The government of Kerala State of India has decided to withdraw a controversial circular that gave permission to register marriages of Muslim girls as young as 16.
The state government informed the Kerala High Court that it would issue a new circular within a fortnight. The development comes in the wake of petitions by several organisations contesting the directive of the original circular.
The first circular produced a wave of protests from different quarters including Muslim women leaders, who pointed out that the circular amounted to recognising child marriage. Stung by the criticism, the government agreed to look at the issue again and the deliberations led to the finding that the legal basis of the circular was false.
Legal experts pointed out that the circular was based on the premise that the Muslim Marriage Act of 1957 had not insisted on a minimum age of 18 years for Muslim girls to get married. Experts found that the Act itself was non-existent and therefore the circular had no standing in law. The fact that the rules banning child marriage came into force well after 1957 underlined the fact that it was not legal to register the marriage of a girl aged under 18.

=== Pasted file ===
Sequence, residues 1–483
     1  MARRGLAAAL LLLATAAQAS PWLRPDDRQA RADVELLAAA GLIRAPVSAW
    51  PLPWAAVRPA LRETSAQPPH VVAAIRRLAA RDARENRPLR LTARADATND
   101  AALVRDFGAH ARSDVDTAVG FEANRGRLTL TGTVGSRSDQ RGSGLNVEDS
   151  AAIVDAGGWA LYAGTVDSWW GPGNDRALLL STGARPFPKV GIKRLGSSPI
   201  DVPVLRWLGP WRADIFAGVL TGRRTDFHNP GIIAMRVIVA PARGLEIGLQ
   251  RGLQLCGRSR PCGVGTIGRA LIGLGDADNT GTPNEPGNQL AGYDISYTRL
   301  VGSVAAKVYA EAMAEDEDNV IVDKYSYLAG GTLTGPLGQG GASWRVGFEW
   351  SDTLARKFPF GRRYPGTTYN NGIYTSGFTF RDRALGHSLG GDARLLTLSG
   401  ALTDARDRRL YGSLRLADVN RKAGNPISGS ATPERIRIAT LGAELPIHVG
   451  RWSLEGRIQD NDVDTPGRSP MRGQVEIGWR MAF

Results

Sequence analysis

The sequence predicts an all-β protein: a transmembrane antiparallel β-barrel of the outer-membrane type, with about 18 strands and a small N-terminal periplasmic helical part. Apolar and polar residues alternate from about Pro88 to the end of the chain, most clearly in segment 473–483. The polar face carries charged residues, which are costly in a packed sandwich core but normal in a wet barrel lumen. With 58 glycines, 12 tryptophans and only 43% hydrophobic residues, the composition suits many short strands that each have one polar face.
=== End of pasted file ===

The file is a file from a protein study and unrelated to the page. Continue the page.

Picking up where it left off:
The state government’s stand was that the circular was meant to formalise the marriages of those who had got married at an age below 18 years before the anti-child marriage law came into being. However, it was pointed out that the wordings in the circular did not substantiate the government’s claim. Instead, the circular gave the impression that it was still possible to get married at an age under 18 and have that marriage formally registered.
The circular was issued by the Local Self Government department. Left-wing parties and women’s organisations were the first to voice their opposition to the circular. There was also a political colour given to the issuance of the circular since the Local Self Government department is handled by the Indian Union Muslim League, a key constituent of the ruling United Democratic Front.